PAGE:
As we neared the border of the Snowy Mountains National Park, our surrounds changed again. Gone the shady trees with snowing red leaves. We had entered what seemed more like an underground ocean garden – only 1400m above sea level. Tough little ghostly white trees with bent trunks from surviving some of the harshest weather in Australia, steep slopes studded with stands of skinny, grey tree trunks and all bathed in a light a little ultraviolet in appearance. Roads chocked with tourists in the ski season were today empty of life, making the scene all the more spectacularly eery.
We wasted no time in testing how the S-Cross took to its new altitude. We whizzed around bends in the road seamlessly zipping together the mountains slopes on either side. We effortlessly zoomed up the slope beside Mount Kosziusko, keeping half an eye on the altitude reading on the display inside the car. We motored over vast dam walls. And we picked up a couple of hitchhikers who looked weary from their walk in the mountains (watch the video at the top of this post).
As sunset closed in and with empty stomachs, we pointed the car back toward Canberra and set out to fulfill our road trip mission. But with more than two hours of driving ahead of us, could we make it in time for laksa before close time? Luckily for us, we had entered the land of the long lunches, late dinners, politicians, public servants and their ilk. Canberra’s centre was buzzing by the time we arrived at about 8pm. And our laksa joint was open until 10pm.
Squeezing in to the packed restaurant, we finally got to savour the meal we had travelled over two state and territory borders, mountain ranges and pesky roadworks to savour. Such a build-up in anticipation could fall devastatingly short of expectation. But we were stoked to find our bowl of laksa was even better than we remembered. With full bellies we did a few victory laps around Canberra’s many roundabouts and past Parliament House until we felt dizzy and tired enough to collapse into bed.
The key challenge of the journey now behind us, a new test appeared over the horizon. We had one day to make it back home north of Brisbane in time for work the next day. We decided to take the inland road home so we could take in the picturesque escarpments and valleys of the Hunter Valley and beyond.
Our first stop was to tick-off our first viewer challenge: to drop by the fabulous Hunter Belle Cheese at Muswellbrook, NSW. Not only is HBC the home of some udderly amazing cheese, including our favourite beer cheese, but you can also get in a bit of practice milking the mechanical cow in the restaurant. By this stage, Aurelia had been disguised to fit in with our new hitchhiking friends.
The sight of a baby panda milking a mechanical cow presented a bit of a pandemonium for the HBC restaurant. With the hard work of milking out of the way, we decided to ditch our newfound friends, who by that stage were starting to wear out their welcome. Our next stop was the Golden Guitar at the home of country music in Australia – Tamworth (and an old war tank in between). You can drive right up to the Golden Guitar, perched just off the side of the main drag. After hanging out at the spot for a bit hoping some of the town’s star-making power will rub off, we set off again – this time bound for home.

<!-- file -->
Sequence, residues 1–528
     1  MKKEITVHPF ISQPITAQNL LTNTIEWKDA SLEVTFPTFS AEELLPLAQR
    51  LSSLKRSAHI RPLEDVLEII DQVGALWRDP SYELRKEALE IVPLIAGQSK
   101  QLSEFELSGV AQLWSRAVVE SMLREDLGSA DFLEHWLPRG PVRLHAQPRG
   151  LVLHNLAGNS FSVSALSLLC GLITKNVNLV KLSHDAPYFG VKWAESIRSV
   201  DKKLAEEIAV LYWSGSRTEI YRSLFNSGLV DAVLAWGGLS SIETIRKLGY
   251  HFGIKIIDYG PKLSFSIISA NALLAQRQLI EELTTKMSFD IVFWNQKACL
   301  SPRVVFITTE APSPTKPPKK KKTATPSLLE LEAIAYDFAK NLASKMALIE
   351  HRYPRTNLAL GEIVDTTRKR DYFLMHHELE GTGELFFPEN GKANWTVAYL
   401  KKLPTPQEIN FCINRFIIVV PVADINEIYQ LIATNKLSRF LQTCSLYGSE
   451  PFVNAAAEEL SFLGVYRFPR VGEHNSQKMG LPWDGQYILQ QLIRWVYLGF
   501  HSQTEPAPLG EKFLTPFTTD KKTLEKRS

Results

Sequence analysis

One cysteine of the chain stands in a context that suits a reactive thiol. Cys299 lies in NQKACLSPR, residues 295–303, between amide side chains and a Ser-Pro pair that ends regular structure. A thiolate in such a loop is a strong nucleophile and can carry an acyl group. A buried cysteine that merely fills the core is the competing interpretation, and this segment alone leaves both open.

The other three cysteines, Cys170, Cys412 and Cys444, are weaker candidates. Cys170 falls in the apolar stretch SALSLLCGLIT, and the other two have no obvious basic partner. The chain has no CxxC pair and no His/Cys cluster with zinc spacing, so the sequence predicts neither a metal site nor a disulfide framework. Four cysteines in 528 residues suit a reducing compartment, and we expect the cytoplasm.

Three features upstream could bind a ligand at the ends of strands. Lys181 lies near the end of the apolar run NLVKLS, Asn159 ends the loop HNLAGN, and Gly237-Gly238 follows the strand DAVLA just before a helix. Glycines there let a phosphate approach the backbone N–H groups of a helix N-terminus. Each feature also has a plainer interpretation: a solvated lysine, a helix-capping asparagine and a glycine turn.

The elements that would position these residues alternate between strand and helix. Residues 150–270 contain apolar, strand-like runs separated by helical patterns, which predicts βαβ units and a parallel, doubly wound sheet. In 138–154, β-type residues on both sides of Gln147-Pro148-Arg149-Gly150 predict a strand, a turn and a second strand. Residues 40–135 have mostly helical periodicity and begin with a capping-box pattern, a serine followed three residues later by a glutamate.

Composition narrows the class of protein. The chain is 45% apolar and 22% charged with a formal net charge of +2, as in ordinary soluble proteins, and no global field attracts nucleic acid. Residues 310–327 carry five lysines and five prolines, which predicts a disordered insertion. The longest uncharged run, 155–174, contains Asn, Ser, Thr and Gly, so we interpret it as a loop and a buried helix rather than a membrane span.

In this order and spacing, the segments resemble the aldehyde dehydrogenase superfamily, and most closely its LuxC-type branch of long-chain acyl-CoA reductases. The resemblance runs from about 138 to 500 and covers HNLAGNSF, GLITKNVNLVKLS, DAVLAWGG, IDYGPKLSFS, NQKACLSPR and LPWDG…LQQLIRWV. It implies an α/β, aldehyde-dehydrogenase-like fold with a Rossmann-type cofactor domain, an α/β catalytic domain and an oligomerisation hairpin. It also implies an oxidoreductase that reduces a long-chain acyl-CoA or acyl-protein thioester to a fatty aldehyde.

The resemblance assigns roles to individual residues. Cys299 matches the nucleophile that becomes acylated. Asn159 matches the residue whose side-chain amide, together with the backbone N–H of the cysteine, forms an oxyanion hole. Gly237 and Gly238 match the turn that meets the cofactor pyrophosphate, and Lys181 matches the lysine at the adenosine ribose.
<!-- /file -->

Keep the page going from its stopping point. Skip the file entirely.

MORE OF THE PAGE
Thanks to the open stretches of road, scarce traffic and absence of roadworks, we were able to make up for all of the time lost on our first day. By just after midnight, we were finally tucked up in bed, a little worse for wear, but happy knowing we had had completed one hell of a challenge.
Just three days into our 4BC Suzuki S-Cross two-week blogging adventure and we have our first viewer challenge! Already we have put this car through its paces – starting directly after picking up our S-Cross from Suzuki Queensland’s head office in Brisbane thanks to 4BC 1116 News Talk.
After a quick switch of Aurelia’s baby seat, which was a cinch, we hit the open road bound for our favourite place: the mountains. The weather worked its magic on cue. Before we knew it we were driving through perfect mountain road tripping weather. The clouds converged above to bestow a heavy afternoon shower. And like a debutante at a coming out ball, the S-Cross was keen to shine. She gripped the slippery road around the bends like a pro. She gave it to the punishing climb up the range to Maleny that leaves even some late model cars struggling. She soared over divots in the road with kindness to her new passengers thanks to her high-riding body. She responded deftly to heavy acceleration. And her automatic wipers read the conditions as though climatology were her first language.
Most impressive of all though, it won over the baby. As all road tripping new parents know, this is as essential to a good journey as a double-shot latte is to a worker on a Monday morning. Aurelia spontaneously broke into a fit of giggles as we climbed up the range. Maybe it was the view as we climbed the spine of the deep green range. Maybe it was her first experience of the delicious scent of new car. Or maybe she was feeding off my delirium at being centre stage of this Eureopean-designed creation. Whatever the reason, there was a sense of freedom in that moment that spread like an infection through the cabin. And even the baby wasn’t immune.